I’m only saying this because

Today I want to steal from the Daily Howler, Bob Somerby, because yet again he demonstrates the critical acumen of ten male persons.  He writes:

MADDOW MIND-READS MOTIVE: Quick disclaimer: We have an extremely low opinion of MSNBC’s Rachel Maddow, a “progressive woman” who was willing to pander to Chris Matthews to land a key media spot. Disclaimer offered, let us say this: Appearing on Olbermann’s post-debate show, Maddow gave us an excellent look at the role of “motive journalism.”

Simply put: Pundits typically attribute “motive” to candidates whom they disfavor. [emphasis nonseq.]

At issue was Obama and Clinton’s discussion of the way illegal immigration affects working-class wages, specifically for African-Americans. (This issue was specifically raised by a question. Sorry: Transcripts aren’t available yet.) To simplify things a bit (but not much), Obama said that illegal immigrants don’t harm working-class blacks all that much. Clinton said she disagreed, and she said that all such groups will gain from comprehensive reform.

Why did the solons state these views? Let’s start with an obvious possibility; it may be that they stated these views because they actually believe them.  [bolded emphasis nonseq.] (As far as we know, academic research is a mixed bag on such questions.) But when Maddow was asked to share her views, she quickly began to trash Clinton’s motives, using extremely unpleasant code language. Clinton had been deliberately “driving a wedge,” she informed us, over and over. That’s right, Rachel—and Chris Matthews may well be the most brilliant man in the world.

Let’s understand how this works.

A mind-reader could have attributed “motive” to either Clinton or Obama. You could say that Obama was kissing up to Hispanic voters, for example, or that Clinton was courting African-Americans. But in the world of people like Maddow, “motive” is typically dumped on the head on the candidate who is disfavored. In saying that Clinton was driving a “wedge,” Maddow engaged in some ugly race-baiting—and she said that Clinton had a motive for her remarks. Obama’s “motives” were never considered, as was completely appropriate. [bold nonseq].

By the way: It’s widely held that Clinton needs major support from Hispanic voters next Tuesday. Why would she want to “drive a wedge” in a way which might offend these voters? To us, Maddow’s “analysis” didn’t even make sense. But so what? Typically, pundits like Maddow will mind-read and trash the “motives” of those they disfavor.

Sometimes a disagreement is just a disagreement. In assessing a disagreement like this, decent people will typically start with the thought that candidates may simply believe what they’ve said. But Rachel Maddow adores Chris Matthews—and she repeatedly, nastily said that Clinton was driving a wedge.

Two things.  First, this is what makes so much political reporting absolutely unreadable or unwatchable.  Candidates say things, they make arguments, stake out positions, and so forth, and between them and us stands a group of specialized interpreters who tell us what the candidates trying to say, or how people will take what they're trying to say, or, what is worse, why they're saying it.  The most basic question–whether what the candidate says is true or plausible or possible or sensible is a completely different question.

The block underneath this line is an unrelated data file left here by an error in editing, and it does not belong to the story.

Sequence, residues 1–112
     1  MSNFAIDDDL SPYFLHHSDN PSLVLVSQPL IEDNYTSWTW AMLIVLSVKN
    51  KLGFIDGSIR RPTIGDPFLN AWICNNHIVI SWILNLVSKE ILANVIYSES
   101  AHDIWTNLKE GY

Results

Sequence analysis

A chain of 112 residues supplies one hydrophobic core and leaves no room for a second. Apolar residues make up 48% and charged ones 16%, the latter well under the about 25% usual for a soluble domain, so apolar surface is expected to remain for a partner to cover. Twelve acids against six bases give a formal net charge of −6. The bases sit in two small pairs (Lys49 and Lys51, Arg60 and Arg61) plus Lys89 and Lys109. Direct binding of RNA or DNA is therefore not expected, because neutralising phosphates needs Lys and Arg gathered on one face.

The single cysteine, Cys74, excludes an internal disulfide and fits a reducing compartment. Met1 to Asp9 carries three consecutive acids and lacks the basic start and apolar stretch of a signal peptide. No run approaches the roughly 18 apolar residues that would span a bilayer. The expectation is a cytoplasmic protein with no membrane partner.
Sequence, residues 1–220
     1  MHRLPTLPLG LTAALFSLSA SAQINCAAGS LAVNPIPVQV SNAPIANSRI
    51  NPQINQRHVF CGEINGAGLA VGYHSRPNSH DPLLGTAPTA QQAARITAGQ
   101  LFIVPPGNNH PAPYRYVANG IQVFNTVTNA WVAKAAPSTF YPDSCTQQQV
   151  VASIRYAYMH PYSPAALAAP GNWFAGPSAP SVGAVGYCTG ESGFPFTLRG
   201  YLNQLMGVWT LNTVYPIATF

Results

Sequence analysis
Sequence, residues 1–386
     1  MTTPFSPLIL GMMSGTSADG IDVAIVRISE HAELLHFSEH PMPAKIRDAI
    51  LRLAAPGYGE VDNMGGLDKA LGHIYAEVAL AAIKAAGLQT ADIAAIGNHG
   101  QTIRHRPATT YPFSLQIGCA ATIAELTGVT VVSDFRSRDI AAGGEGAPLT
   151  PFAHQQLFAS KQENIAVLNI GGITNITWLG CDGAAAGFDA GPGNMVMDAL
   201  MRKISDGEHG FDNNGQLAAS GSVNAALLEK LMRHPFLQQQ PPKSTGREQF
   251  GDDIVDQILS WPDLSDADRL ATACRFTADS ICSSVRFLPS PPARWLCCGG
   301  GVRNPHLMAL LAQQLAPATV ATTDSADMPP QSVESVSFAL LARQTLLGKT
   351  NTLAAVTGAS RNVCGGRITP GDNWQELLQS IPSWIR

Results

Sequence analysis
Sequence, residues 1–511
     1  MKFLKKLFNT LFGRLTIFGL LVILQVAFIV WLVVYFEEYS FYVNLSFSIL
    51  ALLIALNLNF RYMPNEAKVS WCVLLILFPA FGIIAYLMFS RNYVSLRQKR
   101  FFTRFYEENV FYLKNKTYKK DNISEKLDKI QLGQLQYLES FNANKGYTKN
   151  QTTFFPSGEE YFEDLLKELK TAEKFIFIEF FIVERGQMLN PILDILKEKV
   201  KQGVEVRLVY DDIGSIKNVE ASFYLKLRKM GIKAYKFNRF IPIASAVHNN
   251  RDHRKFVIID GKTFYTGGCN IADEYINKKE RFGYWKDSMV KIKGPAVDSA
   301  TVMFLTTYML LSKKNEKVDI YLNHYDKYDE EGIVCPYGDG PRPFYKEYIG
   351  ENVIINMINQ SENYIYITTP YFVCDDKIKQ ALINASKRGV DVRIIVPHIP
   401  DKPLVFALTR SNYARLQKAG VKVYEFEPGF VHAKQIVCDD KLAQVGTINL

Second, I think Somerby is on to something when he says we ascribe motive to people we disagree with–although I think pundits of the Chris Matthews variety ascribe it to everyone–that's their job, such as they think it is.  But Somerby's more basic point is that people who agree with you have reasons for their positions–they agree with you because you're right.  All of your beliefs are true, of course, as are all of mine.  But people who disagree with you fall into another category–the explanatory category.  This is different from the justificatory category into which you fall.  People who have false beliefs–obviously false ones because they're not like yours–should be accounted for and explained.  They believe those things because they "want to drive a wedge" or "want to appear" or "because they were raised that way" or "because of their experiences."  Try doing the opposite–give justifications for views you don't agree with and explanations for those beliefs you hold.

I only give this advice because I'm a logic teacher.

4 thoughts on “I’m only saying this because”

  1. I have been angry at the press for sometime now…..this helps to focus my anger..well done you and thanks

  2. Motive journalism, that’s pretty good. Though the name needs work. (Ad hominem circumstantial isn’t very catchy either). The technique having been pointed out, all too many instances of it come to mind. Unfortunately the problem seems difficult to nail down, since it seems like the media should provide, in many cases, some interpretation of the actions of our politicians.

    For instance, procedural tactics in congress often can’t be taken at face value–they’re often designed to stymie some other action which isn’t obvious to non-CSPAN addicts. And in many cases, it seems like campaign tactics would fall under the “should be interpreted” banner too–we’d be kidding ourselves if we didn’t recognize the many tactical games in play during elections.

    Regardless, “motive-ascribing content-dismissive journalism tactics” (OK, that’s even worse of a name) seem a good thing to keep in mind when processing political media coverage.

  3. I think you’re right to point out instances in which this is necessary. Giving the context of a legislative maneuver or the significance of giving a speech in place x–Springfield, Illinois in the case of Obama, for instance. And I can’t think of a good name either.

Comments are closed.